African perspectives on migration: Re-centring Southern Africa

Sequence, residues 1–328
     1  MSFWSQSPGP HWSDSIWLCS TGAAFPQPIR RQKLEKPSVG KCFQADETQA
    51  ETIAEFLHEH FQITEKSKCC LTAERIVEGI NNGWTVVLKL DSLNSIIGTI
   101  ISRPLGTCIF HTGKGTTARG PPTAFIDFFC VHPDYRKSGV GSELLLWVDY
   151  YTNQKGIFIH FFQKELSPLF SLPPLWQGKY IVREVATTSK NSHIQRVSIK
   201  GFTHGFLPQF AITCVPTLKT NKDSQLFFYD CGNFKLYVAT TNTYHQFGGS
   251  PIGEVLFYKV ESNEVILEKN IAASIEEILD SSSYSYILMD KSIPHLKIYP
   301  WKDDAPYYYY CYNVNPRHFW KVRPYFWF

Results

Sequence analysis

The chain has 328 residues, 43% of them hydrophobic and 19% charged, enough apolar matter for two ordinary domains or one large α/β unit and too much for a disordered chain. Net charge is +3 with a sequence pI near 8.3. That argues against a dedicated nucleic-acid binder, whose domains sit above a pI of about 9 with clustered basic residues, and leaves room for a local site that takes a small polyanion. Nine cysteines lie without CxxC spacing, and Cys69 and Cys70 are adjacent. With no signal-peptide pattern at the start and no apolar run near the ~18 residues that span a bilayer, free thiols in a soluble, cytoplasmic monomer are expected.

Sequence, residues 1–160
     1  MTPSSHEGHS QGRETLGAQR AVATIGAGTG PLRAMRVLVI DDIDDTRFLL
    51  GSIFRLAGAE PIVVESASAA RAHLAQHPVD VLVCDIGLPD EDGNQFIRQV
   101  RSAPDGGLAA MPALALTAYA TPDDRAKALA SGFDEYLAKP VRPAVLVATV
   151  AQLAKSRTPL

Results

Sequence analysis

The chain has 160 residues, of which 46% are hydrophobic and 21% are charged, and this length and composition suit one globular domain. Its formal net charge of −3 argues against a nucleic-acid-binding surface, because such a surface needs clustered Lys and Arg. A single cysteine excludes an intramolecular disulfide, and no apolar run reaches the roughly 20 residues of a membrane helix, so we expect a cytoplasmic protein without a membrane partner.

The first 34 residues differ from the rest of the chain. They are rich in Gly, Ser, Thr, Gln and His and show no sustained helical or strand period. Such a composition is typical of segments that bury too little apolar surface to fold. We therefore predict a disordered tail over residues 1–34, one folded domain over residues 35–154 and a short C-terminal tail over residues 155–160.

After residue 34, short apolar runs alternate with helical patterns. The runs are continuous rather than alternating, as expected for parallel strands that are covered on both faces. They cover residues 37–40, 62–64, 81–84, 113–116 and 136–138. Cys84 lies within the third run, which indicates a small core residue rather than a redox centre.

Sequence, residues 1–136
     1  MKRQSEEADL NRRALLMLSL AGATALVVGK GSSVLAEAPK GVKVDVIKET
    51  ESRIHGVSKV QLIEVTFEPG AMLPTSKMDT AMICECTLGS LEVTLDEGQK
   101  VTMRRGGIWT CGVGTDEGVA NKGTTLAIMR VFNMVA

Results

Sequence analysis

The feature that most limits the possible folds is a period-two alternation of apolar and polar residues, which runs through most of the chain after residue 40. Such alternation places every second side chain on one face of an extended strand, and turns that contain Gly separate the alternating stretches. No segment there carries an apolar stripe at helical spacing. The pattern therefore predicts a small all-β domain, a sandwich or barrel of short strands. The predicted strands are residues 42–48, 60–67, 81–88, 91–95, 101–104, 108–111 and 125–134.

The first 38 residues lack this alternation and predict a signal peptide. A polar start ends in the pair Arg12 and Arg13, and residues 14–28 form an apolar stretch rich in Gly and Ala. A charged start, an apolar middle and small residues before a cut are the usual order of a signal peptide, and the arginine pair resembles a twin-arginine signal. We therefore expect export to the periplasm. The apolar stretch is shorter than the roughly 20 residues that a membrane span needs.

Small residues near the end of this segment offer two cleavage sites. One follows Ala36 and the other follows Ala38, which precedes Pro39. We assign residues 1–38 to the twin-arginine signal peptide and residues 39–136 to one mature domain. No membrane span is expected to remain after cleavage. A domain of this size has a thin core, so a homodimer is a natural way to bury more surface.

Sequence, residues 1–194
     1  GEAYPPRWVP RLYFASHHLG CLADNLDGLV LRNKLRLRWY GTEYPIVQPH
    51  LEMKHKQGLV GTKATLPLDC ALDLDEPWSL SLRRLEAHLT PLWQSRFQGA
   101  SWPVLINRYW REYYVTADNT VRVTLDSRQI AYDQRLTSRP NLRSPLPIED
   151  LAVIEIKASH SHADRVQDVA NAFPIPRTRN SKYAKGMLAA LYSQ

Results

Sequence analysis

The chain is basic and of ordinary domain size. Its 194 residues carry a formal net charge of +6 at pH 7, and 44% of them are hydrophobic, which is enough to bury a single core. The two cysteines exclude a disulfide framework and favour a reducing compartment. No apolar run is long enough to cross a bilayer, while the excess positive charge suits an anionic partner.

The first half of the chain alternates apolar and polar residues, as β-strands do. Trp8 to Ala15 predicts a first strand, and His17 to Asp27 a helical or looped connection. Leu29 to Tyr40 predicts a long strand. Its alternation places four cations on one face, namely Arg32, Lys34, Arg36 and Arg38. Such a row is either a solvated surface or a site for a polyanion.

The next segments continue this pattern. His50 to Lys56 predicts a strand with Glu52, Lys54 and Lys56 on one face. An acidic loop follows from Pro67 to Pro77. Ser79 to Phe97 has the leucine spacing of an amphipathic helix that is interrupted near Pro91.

Despite the explosion of migration literature in recent years, there remains a bias in aca-demic literature to focus on Europe or other areas in the Global North. Migration studiestend to follow the political interests of curbing access for refugees and other migrants in the Global North, divorced from the fact that most displacement and indeed much mobil-ity takes place in the Global South (Fiddian-Qasmiyeh 2020). Worsening matters, African scholars (like scholars in other areas of the Global South) continue to be under-represented in migration literature, no matter on what geographical focus they are working on. This is related to a variety of issues linked to pervasive inequalities in knowledge produc-tion, not least access to funding, as well as various hindrances against publishing in estab-lished outlets. Anyone writing on migration, and especially those writing on migration inand out of the African continent, would benefit from taking a closer look at the scholarship written by authors from the continent.In this review essay, the focus is on three contributions, geographically placed in Southern Africa.